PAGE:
Kenya’s high stakes elections risks a repeat of 2007/2008 bloodshed
In 2007, Sheila* was a teenager but was old enough to know that something in Kenya’s political psyche was amiss. That year counts as the worst year in her life, she lost both her parents to Kenya’s election violence, which took place in late 2007 and early 2008.
“My parents were hacked to death because they belong to the Luo tribe. It shocked me to see people who had lived as neighbors ganging up against each other and killing themselves because of ethnic differences. I never forgot how my brother and I had to run holding hands, not letting go. We ran day and night hiding in maize plantations. We cried together thinking of our parents. We went for days without food or water. The more we ran, the more we came across dead bodies lying in the thicket. My brother would shout at me not to look. We were running for our lives.”
Sheila’s story, a harrowing tale of terror, human depravity, and resilience, is not unique. Kenya’s election violence, the bulk of which took place over a period two months after the announcement of contentious presidential election results on December 30, 2007.
During the violence, it was estimated that close to 1300 people were killed and about 600,000 people displaced from their homes. Missing from these statistics are details about the use of sexual violence and forced circumcision as a weapon of war as well as the chilling methods of killing deployed, including the massacre of 35 individuals inside a burning church.
Kenya’s election violence was a perfect storm of high stakes electioneering tied to decades of unaddressed historical injustices. That year, incumbent Mwai Kibaki and opposition leader Raila Odinga were locked in a fight to the death over the presidency.
Although close allies in 2002, Odinga had supported Kibaki in a historical election that lead to the ouster of the KANU party from power, the two had fallen out over pre-election promises. After a close and highly fraudulent election, Kibaki was announced winner with a margin of just over 230,000 votes to Odinga. The rest is history.
“I remember passing out and the next thing I remember was waking up in Nairobi with my brother next to me, holding my hand, telling me we were safe and in good hands. This is an experience that I wouldn’t wish any human being to endure. We lost everything we had. It hit me so hard that people killed each other because of greedy leaders, people lost all their property and land. Children like me lost the best things on earth, our parents. As time went by, I grew up with a lot of questions on my mind. I had no answers, no one wanted to talk about it.”
In a political settlement reached between Kibaki and Odinga and their respective camps, the election violence ended on February 28, 2008 with the announcement of a power sharing government. More significantly, ICC prosecutor Louis Moreno Ocampo instituted proceedings that saw the indictment of six persons for crimes against humanity.
In 2010, Kenya adopted a new constitution that sought to address past historical injustices, protect human rights, and share power in a way that minimizes harmful political competitiveness. In 2013, Kenya witnessed peaceful elections and a smooth transition of power. Although the results were contested, the opposition (led by Odinga) accepted the final outcome of a Supreme Court decision in favour of Uhuru Kenyatta.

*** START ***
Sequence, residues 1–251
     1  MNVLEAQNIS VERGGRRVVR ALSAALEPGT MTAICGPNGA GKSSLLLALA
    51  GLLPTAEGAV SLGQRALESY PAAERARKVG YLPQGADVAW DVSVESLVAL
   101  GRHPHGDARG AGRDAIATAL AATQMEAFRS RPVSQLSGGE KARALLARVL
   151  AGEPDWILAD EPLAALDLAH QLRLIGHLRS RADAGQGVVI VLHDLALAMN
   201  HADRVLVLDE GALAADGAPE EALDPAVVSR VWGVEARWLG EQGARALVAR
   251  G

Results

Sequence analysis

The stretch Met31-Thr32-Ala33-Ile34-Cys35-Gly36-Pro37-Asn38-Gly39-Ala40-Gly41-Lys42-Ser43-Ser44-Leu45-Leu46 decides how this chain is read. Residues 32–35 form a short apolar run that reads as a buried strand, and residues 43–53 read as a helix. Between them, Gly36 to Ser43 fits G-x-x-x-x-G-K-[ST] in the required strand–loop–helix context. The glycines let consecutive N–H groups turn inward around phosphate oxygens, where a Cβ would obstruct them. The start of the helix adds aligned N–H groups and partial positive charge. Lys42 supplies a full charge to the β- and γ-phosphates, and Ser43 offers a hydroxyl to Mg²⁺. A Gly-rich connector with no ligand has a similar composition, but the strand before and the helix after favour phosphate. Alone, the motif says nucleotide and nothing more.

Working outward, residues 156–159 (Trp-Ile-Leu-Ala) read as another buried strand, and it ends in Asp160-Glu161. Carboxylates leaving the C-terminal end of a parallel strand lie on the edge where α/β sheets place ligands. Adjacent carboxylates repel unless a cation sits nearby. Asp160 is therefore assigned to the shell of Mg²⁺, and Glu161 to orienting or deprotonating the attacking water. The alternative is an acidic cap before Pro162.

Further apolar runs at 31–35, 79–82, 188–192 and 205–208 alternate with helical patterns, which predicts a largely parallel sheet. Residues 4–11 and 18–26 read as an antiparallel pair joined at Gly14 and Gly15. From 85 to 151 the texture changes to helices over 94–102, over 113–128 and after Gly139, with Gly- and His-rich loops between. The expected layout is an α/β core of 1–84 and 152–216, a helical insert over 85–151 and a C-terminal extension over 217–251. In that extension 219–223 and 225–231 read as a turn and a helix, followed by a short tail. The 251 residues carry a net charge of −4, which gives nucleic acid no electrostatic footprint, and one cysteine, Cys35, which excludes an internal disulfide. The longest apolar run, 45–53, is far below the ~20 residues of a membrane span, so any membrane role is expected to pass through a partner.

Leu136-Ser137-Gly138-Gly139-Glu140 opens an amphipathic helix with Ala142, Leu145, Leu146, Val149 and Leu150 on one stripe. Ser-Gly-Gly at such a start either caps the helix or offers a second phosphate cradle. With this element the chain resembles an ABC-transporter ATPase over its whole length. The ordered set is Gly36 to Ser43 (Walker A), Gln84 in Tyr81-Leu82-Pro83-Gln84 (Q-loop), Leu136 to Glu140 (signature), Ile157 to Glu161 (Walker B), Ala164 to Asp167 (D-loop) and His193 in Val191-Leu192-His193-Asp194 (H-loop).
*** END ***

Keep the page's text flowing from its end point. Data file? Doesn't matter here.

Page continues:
However, ten years after a spate of violence that defined Kenya’s decade, could the 2017 elections be a rerun of 2007?
In 2007, the ruling Jubilee coalition that took power in 2013 faces an uphill battle for re-election in 2017. With massive corruption scandals involving key government figures, a lagging economy, widening wealth gap, and large social discontent, Uhuru Kenyatta’s administration has struggled to articulate its achievements.
On the other hand, the opposition is disorganised and in bad shape to compete effectively with the ruling coalition. For Raila Odinga, who has previously run for president 4 times, 2017 offers the last realistic hope of securing power, while for Kenyatta, a second term provides a chance to burnish his legacy and credentials after a first term preoccupied with consolidating power and evading prosecution by the ICC.
This year’s election presents two candidates who have everything to lose.
Perhaps the most harmful factor is Kenya’s resort to ethnic-based politics. Few steps have been taken since 2008 to extricate the question of effective political competitiveness from harmful ethnic chauvinism. The main contenders in the 2017 election will rely primarily, almost exclusively, on the ethnic alliances made at the elite level with the expectation that the electorate will follow suit.
”Kenyans did not start killing themselves, but by the words of the leaders. These are the same leaders that run away to other countries leaving us killing and hacking each other with no mercy. Every time I hear that Kenya is going into an election season, I feel sick to my stomach. All the bad memories come back to me, I have sleepless nights, I hear my mom cry for help as they hack her to death. I hear my dad cry with pain. I see our house burn down and people run. I smell death and blood.”
For Sheila, the same high stakes in 2007 are more apparent in 2017:
“This next election has the same feeling as 2007. From what I see and hear it is time to hide till the president is sworn in, if we will have one. Leaders who don’t mind their language put my heart in fear of death. I know for a fact that an ‘African’ leader has to win re-election by any means. Many people are talking of moving to their tribal homes, but what about us? We don’t have tribal homes; it was all burnt down. Our land was grabbed, where would we go? We face death once more!”
The interviewee’s name has been changed to protect her privacy.
The views expressed in this post are of the author’s and in no way reflect those of The Election Network.